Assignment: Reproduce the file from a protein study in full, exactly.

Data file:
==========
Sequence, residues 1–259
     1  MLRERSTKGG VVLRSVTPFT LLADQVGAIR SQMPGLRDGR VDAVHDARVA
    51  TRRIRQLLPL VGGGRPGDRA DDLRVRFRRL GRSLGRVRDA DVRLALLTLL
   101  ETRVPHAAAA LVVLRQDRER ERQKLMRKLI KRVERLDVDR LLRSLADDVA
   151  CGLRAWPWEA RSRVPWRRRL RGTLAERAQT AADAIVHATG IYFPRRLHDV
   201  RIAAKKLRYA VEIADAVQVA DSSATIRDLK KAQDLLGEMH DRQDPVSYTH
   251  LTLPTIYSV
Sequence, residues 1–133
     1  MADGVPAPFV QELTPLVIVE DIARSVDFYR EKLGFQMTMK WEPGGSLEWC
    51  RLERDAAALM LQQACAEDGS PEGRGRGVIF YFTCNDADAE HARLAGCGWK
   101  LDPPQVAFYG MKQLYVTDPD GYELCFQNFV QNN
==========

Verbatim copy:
Sequence, residues 1–259
     1  MLRERSTKGG VVLRSVTPFT LLADQVGAIR SQMPGLRDGR VDAVHDARVA
    51  TRRIRQLLPL VGGGRPGDRA DDLRVRFRRL GRSLGRVRDA DVRLALLTLL
   101  ETRVPHAAAA LVVLRQDRER ERQKLMRKLI KRVERLDVDR LLRSLADDVA
   151  CGLRAWPWEA RSRVPWRRRL RGTLAERAQT AADAIVHATG IYFPRRLHDV
   201  RIAAKKLRYA VEIADAVQVA DSSATIRDLK KAQDLLGEMH DRQDPVSYTH
   251  LTLPTIYSV
Sequence, residues 1–133
     1  MADGVPAPFV QELTPLVIVE DIARSVDFYR EKLGFQMTMK WEPGGSLEWC
    51  RLERDAAALM LQQACAEDGS PEGRGRGVIF YFTCNDADAE HARLAGCGWK
   101  LDPPQVAFYG MKQLYVTDPD GYELCFQNFV QNN